Monday, March 17, 2008

Buy gold.

This is what happens when the Invisible Hand raises its middle finger:
"NEW YORK — Just four days after Bear Stearns Chief Executive Alan Schwartz assured Wall Street his company was not in trouble, he was forced Sunday to sell the investment bank to rival JPMorgan Chase for a bargain-basement price of $2 a share, or $236.2 million.

The stunning last-minute sale was a move to avert a Bear Stearns bankruptcy and a spreading crisis of confidence in the global financial system sparked by the collapse of the subprime mortgage market."

And what's responsible for the insane subprime mortgage market? A deregulated banking industry: where Stupid meets Greedy, they get married and have a big family (that they subsequently can't afford to feed).

"In the past decade, as regulators discarded rules, shady mortgage banking companies, financed by the bluest-chip outfits on Wall Street, calculated that they could make a lot of money offering bait-and-switch mortgages to poor credit risks. Default and foreclosure rates would be greater, but higher profits would more than compensate for the risks.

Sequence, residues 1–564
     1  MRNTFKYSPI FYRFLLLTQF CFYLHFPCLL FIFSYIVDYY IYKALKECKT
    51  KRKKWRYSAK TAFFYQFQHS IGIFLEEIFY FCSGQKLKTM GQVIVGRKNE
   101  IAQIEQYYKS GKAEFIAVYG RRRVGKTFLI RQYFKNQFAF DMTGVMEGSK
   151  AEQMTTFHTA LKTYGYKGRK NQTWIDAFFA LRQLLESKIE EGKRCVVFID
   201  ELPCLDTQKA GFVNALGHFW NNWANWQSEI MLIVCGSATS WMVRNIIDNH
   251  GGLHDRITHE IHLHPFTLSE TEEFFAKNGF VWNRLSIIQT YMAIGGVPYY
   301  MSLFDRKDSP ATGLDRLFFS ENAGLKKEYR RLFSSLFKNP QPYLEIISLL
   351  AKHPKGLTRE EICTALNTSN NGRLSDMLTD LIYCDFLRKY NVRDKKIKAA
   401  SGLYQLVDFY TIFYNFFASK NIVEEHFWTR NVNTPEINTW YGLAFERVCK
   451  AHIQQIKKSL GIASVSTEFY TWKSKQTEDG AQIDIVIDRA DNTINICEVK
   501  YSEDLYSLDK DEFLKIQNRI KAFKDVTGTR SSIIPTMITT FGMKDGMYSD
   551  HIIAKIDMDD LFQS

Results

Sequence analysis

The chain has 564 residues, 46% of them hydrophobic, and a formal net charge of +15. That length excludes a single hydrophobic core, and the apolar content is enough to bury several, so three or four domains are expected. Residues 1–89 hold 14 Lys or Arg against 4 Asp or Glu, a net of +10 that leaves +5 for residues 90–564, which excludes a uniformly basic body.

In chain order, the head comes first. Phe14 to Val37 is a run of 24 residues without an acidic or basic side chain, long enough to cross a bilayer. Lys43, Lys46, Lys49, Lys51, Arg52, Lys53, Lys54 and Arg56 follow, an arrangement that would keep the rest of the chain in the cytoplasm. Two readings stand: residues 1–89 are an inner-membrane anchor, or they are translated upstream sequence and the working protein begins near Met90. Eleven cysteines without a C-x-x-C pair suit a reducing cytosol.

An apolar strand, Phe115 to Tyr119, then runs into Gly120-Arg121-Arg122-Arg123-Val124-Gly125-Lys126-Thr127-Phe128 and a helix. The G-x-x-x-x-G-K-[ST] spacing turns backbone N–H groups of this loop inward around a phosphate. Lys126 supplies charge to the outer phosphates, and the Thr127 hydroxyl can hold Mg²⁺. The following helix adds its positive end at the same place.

So the subprime mortgage industry, enabled by the big banks, invented amazing gimmicks. These included not just variable-rate mortgages, but mortgages that were initially interest only, mortgages with introductory teaser rates, mortgages with no down payment. No income verification required! No credit check! Subprime operators targeted people with horrific credit histories and families desperate for housing who could not afford the debt they were taking on. Last year, 60 percent of subprime loans required no meaningful documentation.

Then came the morning-after: As higher payments kicked in, people couldn't meet them. Defaults skyrocketed, to an estimated 13 percent of all such loans. At least 25 subprime lenders have gone out of business. The big dogs on Wall Street, who had invested in the subprime operators, took a big hit, too."

It boggles the mind that anyone could ever have thought subprime mortgages would be anything but a complete disaster, with their inevitably unaffordable payments. It might be wise to buy more gold -- and it topped $1,000/ounce last week, so I'm not the only one thinking that way.